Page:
(Nielsen and Winding 2002; Epelde et al. 2010). To date, some studies have used soil enzymatic activities and microbial community structure as indicators to determine toxicological influences of various pollutants on soil quality and health. With the rapid development of molecular biology methods, some techniques based on cultureindependent microbiology have been useful in research of soil microbial communities. Denaturing gradient gel electrophoresis (DGGE) is a new molecular biology method that has been widely applied in investigation of the effects of many pollutants on soil or sediment microbial communities, including pesticides (Sigler and Turco 2002; Ferreira et al. 2009), petroleum (Evans et al. 2004), polycyclic aromatic hydrocarbons (PAHs) (Andreoni et al. 2004; Tian et al. 2008), and heavy metals (Khan et al. 2010). Though DGGE is a highthroughput technique compared with other methods, the results of such analyses may be biased due to influencing factors such as the DNA extraction method, polymerase chain reaction (PCR) amplification, and DGGE procedure. Thus, the combination of both culture-independent and culture-dependent techniques might provide more useful and complementary information on the structural diversity of microbial communities (Aislabie et al. 2006; Li et al. 2008). In this study, laboratory simulation tests over a period of 60 days were conducted to evaluate the effects of herbicide fomesafen on soil microbial community structure and activities, using soil enzyme activity determination, plate counting, and 16S rDNA-PCR-DGGE analysis.

Materials and methods Chemicals and soils Fomesafen (98.2 % purity) was purchased from Dr. Ehrenstorfer GmbH (Augsburg, Germany). Soil samples were collected from an experimental field (36.11′ N and 117.08 ′ E, 611 m above sea level) located in Shandong Agricultural University, Taian, China. In this region, the mean annual precipitation is 697 mm, and the mean annual temperature is 13 °C. This field remained under conventional farming practices and no history of fomesafen application in the last 5 years. Soil samples were taken from 0–20 cm of the bulk soil on the field prepared for the cultivation of corn after ploughing

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in spring. The soil was classified as a typical Kandiudult (clay and loamy soil) in the USDA Soil Taxonomy System (Soil Survey Staff 1999) and some of its physical and chemical characteristics as follows: pH 7.6, organic matter 17.6 g/kg, available N 132.3 mg/kg, available P 18.4 mg/kg, available K 125.7 mg/kg, and maximal water holding capacity 18.5 %. To consider the spatial heterogeneity, soil samples were taken in triplicates, and each replicate consisted of five10-cm auger cores. Then, the soil samples were manually and gently crumbled, mixed thoroughly, air dried at room temperature, and sieved through a 2-mm mesh to remove stones and plant roots before being used. Soil treatment Concentrations were established according to the actual residual content levels of fomesafen in field soil; the fomesafen concentrations in the soil approximately range from 50 to 420 μg/kg when application rates were 180–375 g ai/ha (Rauch et al. 2007; Guo et al. 2000). Thus, the experiments were conducted with the following four treatments: 0 (solvent control), 10, 100, and 500 μg fomesafen/kg dry soil, labeled ck, F10, F100, and F500, respectively. Each treatment was replicated three times at each sampling stage. For each treatment, 1,200 g soil was thoroughly mixed with fomesafen stock acetone solution to achieve the setting concentration, and 80 g soil (three replicates in each treatment, five sampling intervals) was placed in a brown glass bottle (120 mL) as a microcosm system and sealed with a cotton plug to minimize water loss. All treatments were incubated in the dark at 25 °C for 60 days, and the soil moisture content levels were tested by weighing and adjusted to 60 % water holding capacity by adding deionized water every 2 days. Samples from each bottle were collected after 10, 20, 30, 40, and 60 d for enzyme assays, DNA extraction, and numeration of the microbial community. Enzymatic activity assay The acid phosphatase (EC and alkaline phosphatase (EC activities were determined as described by Tabatabai (1994). A 0.1 M p-nitrophenol phosphatase solution (pH 6.5 for acid phosphatase and pH 11 for alkaline phosphatase) was used as the substrate, and yellow-band absorbance of the filtrate due to p-nitrophenol was measured at 410 nm. The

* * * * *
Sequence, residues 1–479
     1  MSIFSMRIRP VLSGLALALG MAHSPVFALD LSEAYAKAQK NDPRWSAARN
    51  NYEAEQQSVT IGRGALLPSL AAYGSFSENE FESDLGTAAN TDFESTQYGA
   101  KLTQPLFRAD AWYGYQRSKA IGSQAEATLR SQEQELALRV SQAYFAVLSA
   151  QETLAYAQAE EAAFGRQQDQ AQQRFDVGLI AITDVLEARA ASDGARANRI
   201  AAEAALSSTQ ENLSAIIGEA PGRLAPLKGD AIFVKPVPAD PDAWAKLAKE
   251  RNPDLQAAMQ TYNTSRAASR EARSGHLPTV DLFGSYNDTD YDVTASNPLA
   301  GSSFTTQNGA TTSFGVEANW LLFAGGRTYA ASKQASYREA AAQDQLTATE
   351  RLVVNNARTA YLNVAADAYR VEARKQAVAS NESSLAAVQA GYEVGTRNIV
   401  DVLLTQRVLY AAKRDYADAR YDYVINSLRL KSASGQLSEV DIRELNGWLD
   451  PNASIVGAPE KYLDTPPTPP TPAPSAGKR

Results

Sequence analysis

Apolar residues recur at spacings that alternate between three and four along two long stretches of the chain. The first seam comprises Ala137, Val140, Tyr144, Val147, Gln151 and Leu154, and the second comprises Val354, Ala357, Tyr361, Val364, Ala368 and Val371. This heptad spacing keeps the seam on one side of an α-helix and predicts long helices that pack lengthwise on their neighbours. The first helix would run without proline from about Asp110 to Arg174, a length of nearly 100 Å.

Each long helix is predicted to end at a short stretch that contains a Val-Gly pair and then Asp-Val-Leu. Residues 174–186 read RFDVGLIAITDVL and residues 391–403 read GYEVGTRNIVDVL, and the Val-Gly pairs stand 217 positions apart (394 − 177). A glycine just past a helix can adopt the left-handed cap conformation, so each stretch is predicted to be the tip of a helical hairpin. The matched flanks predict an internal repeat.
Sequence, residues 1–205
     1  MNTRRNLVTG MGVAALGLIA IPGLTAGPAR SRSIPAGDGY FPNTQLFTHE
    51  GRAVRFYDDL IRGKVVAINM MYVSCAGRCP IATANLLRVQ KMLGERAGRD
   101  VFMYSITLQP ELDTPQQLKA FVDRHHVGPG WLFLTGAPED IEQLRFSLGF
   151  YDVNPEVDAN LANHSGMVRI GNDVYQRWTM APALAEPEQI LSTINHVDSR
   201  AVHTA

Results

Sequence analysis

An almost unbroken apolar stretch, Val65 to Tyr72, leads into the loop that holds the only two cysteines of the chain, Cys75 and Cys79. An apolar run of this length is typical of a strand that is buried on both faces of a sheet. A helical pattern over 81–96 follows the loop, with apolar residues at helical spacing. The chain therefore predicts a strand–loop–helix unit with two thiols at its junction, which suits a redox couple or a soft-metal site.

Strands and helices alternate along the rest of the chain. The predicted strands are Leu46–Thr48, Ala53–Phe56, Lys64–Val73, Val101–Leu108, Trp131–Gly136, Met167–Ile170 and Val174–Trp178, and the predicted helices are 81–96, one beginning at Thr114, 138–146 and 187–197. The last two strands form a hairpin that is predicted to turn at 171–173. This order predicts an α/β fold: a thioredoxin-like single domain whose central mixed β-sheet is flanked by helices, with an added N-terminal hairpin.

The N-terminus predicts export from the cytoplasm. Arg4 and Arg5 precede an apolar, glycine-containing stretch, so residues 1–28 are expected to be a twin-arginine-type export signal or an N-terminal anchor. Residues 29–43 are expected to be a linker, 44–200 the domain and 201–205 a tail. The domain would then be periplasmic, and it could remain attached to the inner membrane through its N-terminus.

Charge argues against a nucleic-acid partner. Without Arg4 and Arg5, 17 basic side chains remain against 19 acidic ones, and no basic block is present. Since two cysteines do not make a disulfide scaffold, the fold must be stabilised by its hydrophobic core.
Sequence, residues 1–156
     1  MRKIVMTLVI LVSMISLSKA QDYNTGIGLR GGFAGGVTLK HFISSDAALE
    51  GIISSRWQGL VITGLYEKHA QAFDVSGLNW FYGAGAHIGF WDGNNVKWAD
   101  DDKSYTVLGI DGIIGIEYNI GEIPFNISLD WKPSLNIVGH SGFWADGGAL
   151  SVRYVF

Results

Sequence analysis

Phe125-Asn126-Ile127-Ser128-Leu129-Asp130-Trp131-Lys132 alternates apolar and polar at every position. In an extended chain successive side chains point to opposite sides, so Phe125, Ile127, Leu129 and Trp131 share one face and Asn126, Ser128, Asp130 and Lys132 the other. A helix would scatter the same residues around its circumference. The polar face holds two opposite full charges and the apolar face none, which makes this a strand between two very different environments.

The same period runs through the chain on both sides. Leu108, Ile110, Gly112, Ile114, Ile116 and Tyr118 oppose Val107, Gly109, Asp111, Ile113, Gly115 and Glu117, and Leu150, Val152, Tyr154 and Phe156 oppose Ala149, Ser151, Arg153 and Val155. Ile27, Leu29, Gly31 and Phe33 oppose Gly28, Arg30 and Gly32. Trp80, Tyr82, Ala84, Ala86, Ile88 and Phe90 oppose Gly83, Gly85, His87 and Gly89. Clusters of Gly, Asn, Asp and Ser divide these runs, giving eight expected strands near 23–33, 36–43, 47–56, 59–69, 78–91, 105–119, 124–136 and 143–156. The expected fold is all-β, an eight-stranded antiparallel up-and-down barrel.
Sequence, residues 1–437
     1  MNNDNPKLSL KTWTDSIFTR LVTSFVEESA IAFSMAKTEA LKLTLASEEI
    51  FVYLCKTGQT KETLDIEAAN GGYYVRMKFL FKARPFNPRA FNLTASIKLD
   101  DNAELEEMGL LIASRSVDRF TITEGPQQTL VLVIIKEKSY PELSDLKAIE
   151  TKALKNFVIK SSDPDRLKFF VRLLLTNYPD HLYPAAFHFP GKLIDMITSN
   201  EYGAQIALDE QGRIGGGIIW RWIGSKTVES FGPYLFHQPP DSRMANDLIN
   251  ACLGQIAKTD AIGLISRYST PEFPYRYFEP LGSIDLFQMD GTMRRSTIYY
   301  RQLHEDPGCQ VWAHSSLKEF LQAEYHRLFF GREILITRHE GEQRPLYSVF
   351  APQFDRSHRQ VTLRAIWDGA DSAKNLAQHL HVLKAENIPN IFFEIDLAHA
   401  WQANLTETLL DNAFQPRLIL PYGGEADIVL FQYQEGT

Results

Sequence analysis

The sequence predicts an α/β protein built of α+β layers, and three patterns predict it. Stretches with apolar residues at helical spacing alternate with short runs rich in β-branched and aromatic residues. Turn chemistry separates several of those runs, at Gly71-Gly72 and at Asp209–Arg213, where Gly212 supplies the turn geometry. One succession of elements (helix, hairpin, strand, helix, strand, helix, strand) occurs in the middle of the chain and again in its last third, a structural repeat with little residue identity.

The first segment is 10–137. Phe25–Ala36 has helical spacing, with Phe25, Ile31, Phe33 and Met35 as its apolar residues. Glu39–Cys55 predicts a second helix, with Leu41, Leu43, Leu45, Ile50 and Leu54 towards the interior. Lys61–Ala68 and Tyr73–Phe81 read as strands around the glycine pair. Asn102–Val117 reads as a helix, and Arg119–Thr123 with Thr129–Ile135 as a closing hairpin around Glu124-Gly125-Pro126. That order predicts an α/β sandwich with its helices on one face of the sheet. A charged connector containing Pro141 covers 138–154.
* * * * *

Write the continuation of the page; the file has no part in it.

p-nitrophenol concentration was calculated by reference to a calibration curve constructed using p-nitrophenol standards, and the results were expressed as micrograms of p-nitrophenol per gram of dry soil (oven-dried soil basis) per hour. The dehydrogenase (EC activity was determined using the method described by Tabatabai (1994). The soluble 2, 3, 5-triphenyl tetrazolium chloride (TTC) can be reduced to the red compound triphenylformazan (TPF). Briefly, 1 g of sieved soil was placed in test tubes (15×150 mm) and mixed fully with 1 mL of 3 % TTC and 1 mL of deionized water. After 24 h of incubation at 37 °C, 10 mL of ethanol was added to each test tube, and then the suspension was mixed for 60 s by vortex. The resulting suspension was filtered through filter paper, and the concentration of TPF was colorimetrically determined at 485 nm by a spectrophotometer (Shimadzu UV-2550, Japan) using a calibration curve. The result was expressed as microgram of TPF per gram of dry soil every 24 h. The urease (EC activity was measured according to the procedure of May and Douglas (1976). The result was estimated by determination of the formation of ammonium released during soil sample incubation with urea at 37 °C for 3 h by a spectrophotometer with wavelength adjusted to 578 nm, expressed as microgram of NH4+-N per gram of dry soil every 3 h.